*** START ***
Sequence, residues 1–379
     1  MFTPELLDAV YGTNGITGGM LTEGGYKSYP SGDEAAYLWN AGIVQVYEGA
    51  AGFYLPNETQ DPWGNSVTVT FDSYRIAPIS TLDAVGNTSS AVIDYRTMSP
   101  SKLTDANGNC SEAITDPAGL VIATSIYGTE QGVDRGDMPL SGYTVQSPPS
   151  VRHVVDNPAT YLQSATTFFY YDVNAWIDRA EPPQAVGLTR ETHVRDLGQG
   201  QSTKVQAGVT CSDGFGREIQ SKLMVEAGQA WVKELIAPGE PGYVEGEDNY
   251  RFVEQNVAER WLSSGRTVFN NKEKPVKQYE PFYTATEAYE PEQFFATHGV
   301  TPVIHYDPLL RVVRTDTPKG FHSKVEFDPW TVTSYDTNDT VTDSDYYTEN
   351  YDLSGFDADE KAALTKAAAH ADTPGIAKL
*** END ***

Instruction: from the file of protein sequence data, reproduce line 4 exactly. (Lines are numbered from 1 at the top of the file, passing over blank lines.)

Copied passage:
   101  SKLTDANGNC SEAITDPAGL VIATSIYGTE QGVDRGDMPL SGYTVQSPPS